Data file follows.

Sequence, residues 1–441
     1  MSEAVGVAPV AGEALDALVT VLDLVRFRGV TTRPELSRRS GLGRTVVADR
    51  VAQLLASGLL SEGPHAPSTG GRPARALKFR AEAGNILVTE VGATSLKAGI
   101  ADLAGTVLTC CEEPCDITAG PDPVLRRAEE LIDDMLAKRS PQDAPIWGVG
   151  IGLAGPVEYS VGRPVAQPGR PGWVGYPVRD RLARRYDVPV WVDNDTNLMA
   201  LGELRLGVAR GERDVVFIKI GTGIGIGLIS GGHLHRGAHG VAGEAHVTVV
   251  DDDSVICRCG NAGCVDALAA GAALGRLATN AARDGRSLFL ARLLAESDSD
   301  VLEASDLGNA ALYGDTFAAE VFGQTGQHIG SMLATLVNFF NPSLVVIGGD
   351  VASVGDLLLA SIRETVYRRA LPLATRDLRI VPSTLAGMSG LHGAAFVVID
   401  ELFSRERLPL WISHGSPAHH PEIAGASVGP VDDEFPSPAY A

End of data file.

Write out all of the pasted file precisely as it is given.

Sequence, residues 1–441
     1  MSEAVGVAPV AGEALDALVT VLDLVRFRGV TTRPELSRRS GLGRTVVADR
    51  VAQLLASGLL SEGPHAPSTG GRPARALKFR AEAGNILVTE VGATSLKAGI
   101  ADLAGTVLTC CEEPCDITAG PDPVLRRAEE LIDDMLAKRS PQDAPIWGVG
   151  IGLAGPVEYS VGRPVAQPGR PGWVGYPVRD RLARRYDVPV WVDNDTNLMA
   201  LGELRLGVAR GERDVVFIKI GTGIGIGLIS GGHLHRGAHG VAGEAHVTVV
   251  DDDSVICRCG NAGCVDALAA GAALGRLATN AARDGRSLFL ARLLAESDSD
   301  VLEASDLGNA ALYGDTFAAE VFGQTGQHIG SMLATLVNFF NPSLVVIGGD
   351  VASVGDLLLA SIRETVYRRA LPLATRDLRI VPSTLAGMSG LHGAAFVVID
   401  ELFSRERLPL WISHGSPAHH PEIAGASVGP VDDEFPSPAY A